• Charlie- thanks for the comment here. Knowledge gap for me: why are NY and CA taxes so high compared to other states – esp the states that have 0 state income tax? Is it that other states get revenue from other sources (e.g property tax? Corporate tax?) or is it that NY and CA just provide more services so they have greater funding needs?

    Honest question- I haven’t done much research on the topic.

  • Charlie Greenberg

    I’m not overly versed in this area but will say that the tax structure of each of the States in the Union draw from different revenue sources and taxes account for financial obligations which vary by State. Costs for infrastructure, such as transit, union pension obligations and funding for large budget items such as education are big variables. States with lower income taxes oftentimes have higher property taxes, NJ being one of them. Everyone is in favor of lower taxes but when it comes to making the choices of what to give up to afford a lower tax base, the dissension starts. The MSM was hyper critical of Trump’s tax reform but the lowering of the Corporate tax rate puts America on a more competitive playing field. With Nat’l tax reform now signed off, NY politicians should stop bashing President Trump and look at what they can offer in State tax reform. As a NYC resident, I also pay NYC taxes, assume you pay Westchester taxes. In both areas, a voter referendum on reform would be most welcome. Andrew, wishing you and your family a very Happy New Year.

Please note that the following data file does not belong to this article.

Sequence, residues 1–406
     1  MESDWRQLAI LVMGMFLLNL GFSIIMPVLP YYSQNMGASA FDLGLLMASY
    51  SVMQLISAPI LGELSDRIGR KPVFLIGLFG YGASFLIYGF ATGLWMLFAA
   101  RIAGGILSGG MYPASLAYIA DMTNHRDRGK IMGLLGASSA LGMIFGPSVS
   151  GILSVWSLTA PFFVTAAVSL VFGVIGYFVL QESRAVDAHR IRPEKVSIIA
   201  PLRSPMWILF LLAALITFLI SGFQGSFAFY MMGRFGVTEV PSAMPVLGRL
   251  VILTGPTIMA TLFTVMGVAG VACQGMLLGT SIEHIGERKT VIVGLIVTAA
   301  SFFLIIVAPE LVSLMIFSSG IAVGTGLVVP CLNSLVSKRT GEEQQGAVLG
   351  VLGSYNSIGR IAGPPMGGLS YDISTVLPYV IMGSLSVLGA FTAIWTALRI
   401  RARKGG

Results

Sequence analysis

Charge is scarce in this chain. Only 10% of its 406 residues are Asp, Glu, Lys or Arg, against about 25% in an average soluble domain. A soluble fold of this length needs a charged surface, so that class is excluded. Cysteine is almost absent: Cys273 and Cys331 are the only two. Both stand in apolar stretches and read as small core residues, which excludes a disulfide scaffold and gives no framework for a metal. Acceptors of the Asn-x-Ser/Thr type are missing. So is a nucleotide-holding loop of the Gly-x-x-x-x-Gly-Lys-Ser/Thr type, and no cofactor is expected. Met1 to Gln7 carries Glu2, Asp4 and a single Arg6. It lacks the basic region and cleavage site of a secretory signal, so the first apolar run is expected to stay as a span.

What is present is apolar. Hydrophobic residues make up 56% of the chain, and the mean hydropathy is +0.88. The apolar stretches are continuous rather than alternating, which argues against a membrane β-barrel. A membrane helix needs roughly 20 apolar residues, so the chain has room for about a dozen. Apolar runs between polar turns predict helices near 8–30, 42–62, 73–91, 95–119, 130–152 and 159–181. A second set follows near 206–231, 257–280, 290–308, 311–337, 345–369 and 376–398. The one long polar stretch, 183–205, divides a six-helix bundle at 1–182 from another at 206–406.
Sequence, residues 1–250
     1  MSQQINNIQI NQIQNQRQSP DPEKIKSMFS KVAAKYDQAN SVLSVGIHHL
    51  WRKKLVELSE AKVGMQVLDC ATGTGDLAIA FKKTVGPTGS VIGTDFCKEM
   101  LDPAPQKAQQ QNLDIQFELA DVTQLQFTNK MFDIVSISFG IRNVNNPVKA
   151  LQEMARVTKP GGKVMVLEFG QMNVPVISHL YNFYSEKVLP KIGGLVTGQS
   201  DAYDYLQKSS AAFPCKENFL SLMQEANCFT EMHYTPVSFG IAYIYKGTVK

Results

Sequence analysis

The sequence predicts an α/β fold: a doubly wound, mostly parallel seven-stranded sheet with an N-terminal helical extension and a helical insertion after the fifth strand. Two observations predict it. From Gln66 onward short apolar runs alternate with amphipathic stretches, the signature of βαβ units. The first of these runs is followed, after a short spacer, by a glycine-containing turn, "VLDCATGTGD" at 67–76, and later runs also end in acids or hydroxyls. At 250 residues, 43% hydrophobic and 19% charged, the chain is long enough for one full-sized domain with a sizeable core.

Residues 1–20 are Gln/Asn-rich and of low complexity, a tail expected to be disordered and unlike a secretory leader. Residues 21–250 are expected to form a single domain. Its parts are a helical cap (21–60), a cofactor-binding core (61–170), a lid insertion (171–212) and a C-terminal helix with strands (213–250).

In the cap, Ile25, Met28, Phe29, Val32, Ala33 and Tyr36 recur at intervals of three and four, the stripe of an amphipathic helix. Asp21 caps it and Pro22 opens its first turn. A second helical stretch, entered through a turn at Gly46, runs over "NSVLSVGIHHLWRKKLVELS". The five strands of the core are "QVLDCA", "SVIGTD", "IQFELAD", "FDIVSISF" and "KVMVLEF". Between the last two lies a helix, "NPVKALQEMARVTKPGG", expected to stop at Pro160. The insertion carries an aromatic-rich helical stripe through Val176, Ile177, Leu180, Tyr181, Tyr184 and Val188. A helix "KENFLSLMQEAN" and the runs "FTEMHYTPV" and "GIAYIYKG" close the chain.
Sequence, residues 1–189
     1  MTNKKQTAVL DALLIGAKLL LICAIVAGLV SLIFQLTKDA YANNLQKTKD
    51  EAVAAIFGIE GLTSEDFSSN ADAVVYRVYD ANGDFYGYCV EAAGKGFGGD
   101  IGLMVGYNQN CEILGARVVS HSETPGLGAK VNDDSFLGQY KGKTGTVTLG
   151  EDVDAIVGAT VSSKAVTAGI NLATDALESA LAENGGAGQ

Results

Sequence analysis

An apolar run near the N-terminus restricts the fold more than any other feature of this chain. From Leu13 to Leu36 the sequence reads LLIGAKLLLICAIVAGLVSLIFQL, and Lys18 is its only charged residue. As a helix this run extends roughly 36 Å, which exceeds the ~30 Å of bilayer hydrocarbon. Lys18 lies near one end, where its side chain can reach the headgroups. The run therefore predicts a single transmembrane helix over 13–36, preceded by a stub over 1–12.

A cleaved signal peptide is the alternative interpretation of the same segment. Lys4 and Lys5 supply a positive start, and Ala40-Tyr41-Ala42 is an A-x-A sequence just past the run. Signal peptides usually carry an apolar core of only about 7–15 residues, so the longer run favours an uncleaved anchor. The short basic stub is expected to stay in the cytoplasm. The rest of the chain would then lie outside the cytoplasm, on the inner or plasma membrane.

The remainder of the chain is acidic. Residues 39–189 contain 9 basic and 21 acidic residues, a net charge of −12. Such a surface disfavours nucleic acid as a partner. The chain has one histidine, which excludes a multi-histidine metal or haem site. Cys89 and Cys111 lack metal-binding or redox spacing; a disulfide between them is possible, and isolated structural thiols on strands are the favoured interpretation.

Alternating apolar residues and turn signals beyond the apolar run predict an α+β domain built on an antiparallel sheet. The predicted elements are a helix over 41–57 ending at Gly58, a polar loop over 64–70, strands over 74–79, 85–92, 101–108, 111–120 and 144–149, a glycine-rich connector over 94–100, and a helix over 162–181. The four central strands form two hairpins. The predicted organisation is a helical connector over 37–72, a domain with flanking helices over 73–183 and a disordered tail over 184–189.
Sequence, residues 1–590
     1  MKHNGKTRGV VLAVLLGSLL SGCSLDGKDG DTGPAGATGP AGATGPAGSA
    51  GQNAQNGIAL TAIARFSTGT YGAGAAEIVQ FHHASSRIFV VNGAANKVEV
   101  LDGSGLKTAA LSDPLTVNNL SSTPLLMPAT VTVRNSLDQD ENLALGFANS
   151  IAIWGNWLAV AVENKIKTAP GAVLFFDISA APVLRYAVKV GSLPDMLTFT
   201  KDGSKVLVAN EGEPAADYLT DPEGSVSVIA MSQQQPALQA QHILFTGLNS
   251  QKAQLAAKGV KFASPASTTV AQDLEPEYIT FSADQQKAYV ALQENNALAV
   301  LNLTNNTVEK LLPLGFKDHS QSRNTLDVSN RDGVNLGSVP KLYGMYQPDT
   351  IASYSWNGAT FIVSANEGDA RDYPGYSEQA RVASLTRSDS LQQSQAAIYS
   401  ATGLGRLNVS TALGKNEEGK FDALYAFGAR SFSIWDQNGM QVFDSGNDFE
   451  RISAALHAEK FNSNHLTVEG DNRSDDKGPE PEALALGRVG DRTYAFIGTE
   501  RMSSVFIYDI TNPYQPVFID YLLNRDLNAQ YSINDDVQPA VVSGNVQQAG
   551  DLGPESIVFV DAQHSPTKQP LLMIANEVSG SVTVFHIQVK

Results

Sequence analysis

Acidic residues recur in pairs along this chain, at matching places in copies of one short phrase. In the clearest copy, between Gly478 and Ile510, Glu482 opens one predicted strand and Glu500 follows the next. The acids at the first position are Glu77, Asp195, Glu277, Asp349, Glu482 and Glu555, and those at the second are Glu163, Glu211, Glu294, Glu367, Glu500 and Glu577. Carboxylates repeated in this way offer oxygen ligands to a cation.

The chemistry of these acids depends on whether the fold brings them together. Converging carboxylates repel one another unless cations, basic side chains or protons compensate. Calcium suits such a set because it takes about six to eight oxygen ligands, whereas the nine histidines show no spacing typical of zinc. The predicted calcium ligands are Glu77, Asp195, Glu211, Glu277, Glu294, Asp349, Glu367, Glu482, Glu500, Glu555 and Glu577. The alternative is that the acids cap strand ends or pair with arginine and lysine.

• Very helpful comments! At this point, state tax reform sounds like a really good idea. Happy new year to you as well.